Another way to create inside-out brushes is the 2d Shape Editor. When opened the starting shape is a square in UnrealEd 3.0 and a triangle in the old UnrealEd. It looks as if we could just move the points around until we get a shape that looks right to our eyes, however for the unrealEd the starting shape is actually like a piece of cloth and if we move its edges in a way that would partially or completely turn over the piece of cloth the brush we generate out of this shape becomes flawed. Keep in mind the cloth metaphor when working with this tool!
If you suspect your builderbrush is turned inside out, click Brush -> Reset All and create its shape anew from scratch!Dublicate faces
The easiest example for this is created by adding any Builder Brush shape twice in the same place. Of course the faces of the added brush overlap now. If a brush and a StaticMesh overlap they flicker because it isn't clear which of the two should be shown so it changes from frame to frame. As StaticMeshes are lit differently there is a visible difference between them and the brush they may overlap with and that's why we see flickering. When two brush-surfaces overlap we see no flickering because they look exactly alike but just because the problem isn't visible doesn't mean it isn't there. UnrealEd doesn't know which surface to prefer, messes up and creates BSP-errors. Again, simplified speaking, but experience told me this is more or less true.
Dublicate faces can also appear when working with concave objects. The following object was created with the 2d Shape Editor:
The blue shape was what I set up in the 2d Shape Editor and then I gave it depth. The Builder Brush in the UnrealEd had an additional line now. The green one (it was red, of course, just like the rest of the Builder Brush. This is just an illustration). I ignored it at first but is part of an additional face of the object which shouldn't be there. The new face (KBE) was overlapping with the "real" face (KBAE) and produced a bsp-error. It's especially bad if this sticks into other brushes. So check your creations for lines you didn't build! Careful though, sometimes the UnrealEd just adds a line to cut a face in two (maybe so it can process it more easily, I don't know). Those are ok.Very small angles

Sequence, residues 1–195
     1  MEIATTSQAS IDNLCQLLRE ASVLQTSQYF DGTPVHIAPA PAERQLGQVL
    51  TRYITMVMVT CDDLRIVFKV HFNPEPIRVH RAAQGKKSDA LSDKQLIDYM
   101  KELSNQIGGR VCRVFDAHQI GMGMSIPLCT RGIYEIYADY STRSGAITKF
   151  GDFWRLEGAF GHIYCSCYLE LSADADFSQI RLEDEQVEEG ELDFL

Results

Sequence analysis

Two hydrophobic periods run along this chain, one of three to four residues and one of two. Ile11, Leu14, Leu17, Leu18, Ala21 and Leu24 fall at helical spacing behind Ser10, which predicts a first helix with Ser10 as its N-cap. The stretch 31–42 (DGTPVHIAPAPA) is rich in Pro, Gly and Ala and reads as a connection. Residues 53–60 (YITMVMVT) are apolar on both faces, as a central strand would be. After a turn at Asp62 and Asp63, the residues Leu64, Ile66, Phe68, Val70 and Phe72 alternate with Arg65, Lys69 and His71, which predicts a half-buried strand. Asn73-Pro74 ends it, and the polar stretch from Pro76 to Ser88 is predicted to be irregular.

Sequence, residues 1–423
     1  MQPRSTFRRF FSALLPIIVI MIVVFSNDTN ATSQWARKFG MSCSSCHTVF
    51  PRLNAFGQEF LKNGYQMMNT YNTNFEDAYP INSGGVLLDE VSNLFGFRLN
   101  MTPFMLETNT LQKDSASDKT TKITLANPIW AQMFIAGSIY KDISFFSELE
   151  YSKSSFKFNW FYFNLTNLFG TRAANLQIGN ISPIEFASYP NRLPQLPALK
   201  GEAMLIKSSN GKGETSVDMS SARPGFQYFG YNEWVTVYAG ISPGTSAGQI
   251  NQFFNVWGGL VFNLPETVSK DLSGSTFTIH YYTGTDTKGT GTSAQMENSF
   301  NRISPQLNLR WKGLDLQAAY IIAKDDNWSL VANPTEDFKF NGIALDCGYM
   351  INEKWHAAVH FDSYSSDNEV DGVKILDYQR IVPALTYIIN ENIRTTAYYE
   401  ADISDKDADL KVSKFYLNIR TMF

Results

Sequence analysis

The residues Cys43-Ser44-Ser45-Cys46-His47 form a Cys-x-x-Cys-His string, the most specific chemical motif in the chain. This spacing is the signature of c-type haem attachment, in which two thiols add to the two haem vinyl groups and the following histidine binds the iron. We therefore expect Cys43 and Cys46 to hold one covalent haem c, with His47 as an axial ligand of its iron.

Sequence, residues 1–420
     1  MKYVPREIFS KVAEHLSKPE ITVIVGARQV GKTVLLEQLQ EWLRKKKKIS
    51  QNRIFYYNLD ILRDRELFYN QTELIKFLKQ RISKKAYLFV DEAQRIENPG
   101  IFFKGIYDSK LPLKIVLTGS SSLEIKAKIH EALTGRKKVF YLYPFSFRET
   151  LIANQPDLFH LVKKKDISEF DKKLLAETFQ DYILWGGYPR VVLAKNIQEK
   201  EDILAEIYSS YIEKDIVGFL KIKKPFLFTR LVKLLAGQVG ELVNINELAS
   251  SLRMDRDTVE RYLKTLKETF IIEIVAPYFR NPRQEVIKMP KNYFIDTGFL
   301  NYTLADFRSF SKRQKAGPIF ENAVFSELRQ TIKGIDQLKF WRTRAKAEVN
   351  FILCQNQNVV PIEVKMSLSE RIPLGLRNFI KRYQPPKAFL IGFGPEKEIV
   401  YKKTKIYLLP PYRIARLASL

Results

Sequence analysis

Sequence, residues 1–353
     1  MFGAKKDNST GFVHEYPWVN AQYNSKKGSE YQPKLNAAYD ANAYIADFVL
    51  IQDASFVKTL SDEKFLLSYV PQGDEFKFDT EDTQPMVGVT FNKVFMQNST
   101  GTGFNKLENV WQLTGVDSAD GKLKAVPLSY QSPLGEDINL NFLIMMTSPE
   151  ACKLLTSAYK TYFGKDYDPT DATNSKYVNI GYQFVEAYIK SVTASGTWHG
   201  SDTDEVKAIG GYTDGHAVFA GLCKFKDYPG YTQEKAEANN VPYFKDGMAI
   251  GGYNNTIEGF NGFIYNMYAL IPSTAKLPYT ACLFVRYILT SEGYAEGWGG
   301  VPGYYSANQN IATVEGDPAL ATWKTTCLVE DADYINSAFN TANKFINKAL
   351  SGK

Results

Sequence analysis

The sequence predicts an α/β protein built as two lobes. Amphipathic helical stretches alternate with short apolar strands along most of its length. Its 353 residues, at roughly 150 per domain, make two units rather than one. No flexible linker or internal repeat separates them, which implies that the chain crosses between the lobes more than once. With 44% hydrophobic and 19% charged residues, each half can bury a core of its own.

I have no rational explanation for why this causes problems but in my experience very small angles between brushes can cause bsp-errors too. Either triangle with one point very far from the others or just two brushes that have surfaces which meet, or almost meet, at a very low angle. I'm talking very low. Like not more than 5 degree. Don't get overcautious here and stop using low angles in your geometry if you need them. Just know that if you are searching for causes of a bsp-hole and you ruled out the other errors, search for low angles.Surfaces that are too close to each-other
If you treat UnrealEd like it was a "normal" 3d modeling program like, for example, Maya and you just move two cubes together until they are kind of together in your eyes this is not exact enough for UnrealEd. To get you an idea: It's almost impossible to get two surfaces to match up exactly when grid-snapping is turned off, even when you are zoomed in completely and it looks fine to you. So use grid-snapping whenever you want surfaces of brushes to meet.